Therapy dog begins work at Montecito Union School
Students at Montecito Union School have lit up at the introduction of the school’s newest staff member: Cleo, an 8-month-old bernedoodle.
Cleo first walked the halls Jan. 11 and has begun to serve the students’ (and staff’s) emotional needs amidst the strain of the pandemic.
It may seem unlikely that a puppy could behave in such a bustling environment, but Cleo has settled in very well, according to Principal Dr. Nick Bruski.
“She is already so fulfilled when she’s working,” he said.
When she was just 2 months old, she began training at Aly’s Puppy Boot Camp in Arroyo Grande.
The district spent $14,000 on her training and $900 for the purchase, as approved by the board of trustees July 22, 2020. Dr. Bruski spent $2,600 for the purchase and is responsible for all veterinary, grooming and household expenses.
Cleo lived at boot camp for six months, learning to approach children gently and maintain a calm presence. Cold Spring School’s therapy dog, Sage, underwent the same process before joining the school in 2018.
Dr. Bruski used the school’s pledge of kindness, respect and integrity to show students how well Cleo exhibits the traits.
She exemplifies kindness in her warm way of greeting each student, and she respects her handler while she walks without pulling. Integrity is practiced when Cleo is alone on her cot. She doesn’t stir, even when no one is watching.
“Her training is really about her being safe in the school setting,” Dr. Bruski said.
A unique challenge roams in the school’s nature lab — chickens. Dr. Bruski informed trainers of the school’s intentions to raise chickens, so trainers worked with Cleo to respect the birds’ space.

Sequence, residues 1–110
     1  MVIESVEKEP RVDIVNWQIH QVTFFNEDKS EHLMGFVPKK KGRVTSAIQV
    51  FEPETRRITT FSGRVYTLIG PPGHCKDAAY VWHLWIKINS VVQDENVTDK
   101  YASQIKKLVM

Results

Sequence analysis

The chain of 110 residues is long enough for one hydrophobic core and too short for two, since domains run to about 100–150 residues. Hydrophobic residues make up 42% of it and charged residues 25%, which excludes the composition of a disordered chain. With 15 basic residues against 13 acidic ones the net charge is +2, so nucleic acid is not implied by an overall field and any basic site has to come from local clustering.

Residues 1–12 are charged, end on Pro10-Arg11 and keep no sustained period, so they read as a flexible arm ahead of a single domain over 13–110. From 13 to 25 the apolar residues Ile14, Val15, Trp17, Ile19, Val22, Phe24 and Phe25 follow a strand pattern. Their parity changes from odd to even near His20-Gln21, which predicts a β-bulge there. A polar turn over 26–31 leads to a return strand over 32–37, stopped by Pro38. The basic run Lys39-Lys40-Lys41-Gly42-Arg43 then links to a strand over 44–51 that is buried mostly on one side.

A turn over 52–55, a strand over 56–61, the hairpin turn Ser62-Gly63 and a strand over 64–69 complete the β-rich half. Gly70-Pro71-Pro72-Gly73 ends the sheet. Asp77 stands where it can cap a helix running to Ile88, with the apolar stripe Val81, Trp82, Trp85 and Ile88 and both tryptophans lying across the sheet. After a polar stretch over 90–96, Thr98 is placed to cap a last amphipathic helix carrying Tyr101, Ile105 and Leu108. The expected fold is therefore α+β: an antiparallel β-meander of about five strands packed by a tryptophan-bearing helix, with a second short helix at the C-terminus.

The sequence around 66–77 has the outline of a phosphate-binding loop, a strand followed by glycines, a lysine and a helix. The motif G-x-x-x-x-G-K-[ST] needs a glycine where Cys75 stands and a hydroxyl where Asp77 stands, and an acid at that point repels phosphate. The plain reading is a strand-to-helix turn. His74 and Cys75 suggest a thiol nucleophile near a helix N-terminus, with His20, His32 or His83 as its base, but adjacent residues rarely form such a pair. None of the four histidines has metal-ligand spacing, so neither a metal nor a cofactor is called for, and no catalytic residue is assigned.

Aly’s Puppy Boot Camp shared a video of Cleo around chickens with the caption: “Cleo is bombproof around the chickens!”
The nature lab and science farm project is what spurred the idea of getting a school dog. When students received surveys asking what they’d like in the lab, many wrote they’d love a dog.
“They want animals and a dog at school. That coupled with the Thomas Fire and the debris flow, and now COVID, it felt like a great time to bring in a therapy dog to enrich the lives of our students,” Dr. Bruski said.
She started working one-on-one with students with autism, some of which are nonverbal.
A 2014 study by S. Fung and A.S. Leung in the Journal of Contemporary Psychotherapy found that animal-assisted play therapy delivered a “small but statistically significant increases in the verbal social behavior of the children with autism” when compared to a traditional intervention.
Continued therapy could make significant progress in students’ speech production. Authors suggest that the simple, direct communication dogs provide can make students more comfortable interacting with humans.
Cleo is also on call for students who are having a rough day. Right now, she’s working in small settings.
“Because of COVID, we’re not taking her out during popular times because we want to keep students six feet apart,” Dr. Bruski said.
Cleo visited each classroom last week and still is “the buzz of the school.”
The students learned how to approach Cleo, with their hands held out like a low-five. Kindergarten students, delighted by their furry friend, are making books demonstrating how to greet Cleo.
“Every time I walk outside with her, the kids are shouting ‘Cleo, Cleo’ and wanting a chance to hang out with her,” he said.
Cleo lives with the Bruski family after school hours and has been an “amazing addition” to the family.
Dr. Bruski’s children couldn’t decide on a name, so the name “Cleo” was given by the breeder.
Administrators chose a bernedoodle (a hybrid of Bernese mountain dog and poodle) because they knew poodle mixes have a higher chance of being hypoallergenic. They had also heard Bernese mountain dogs described as gentle giants.
“We wanted a dog that can be smart, calm, gentle and loving and be a nice calming presence on campus,” he said.
So far, she has exceeded his expectations and he thanks the district for giving Cleo an opportunity.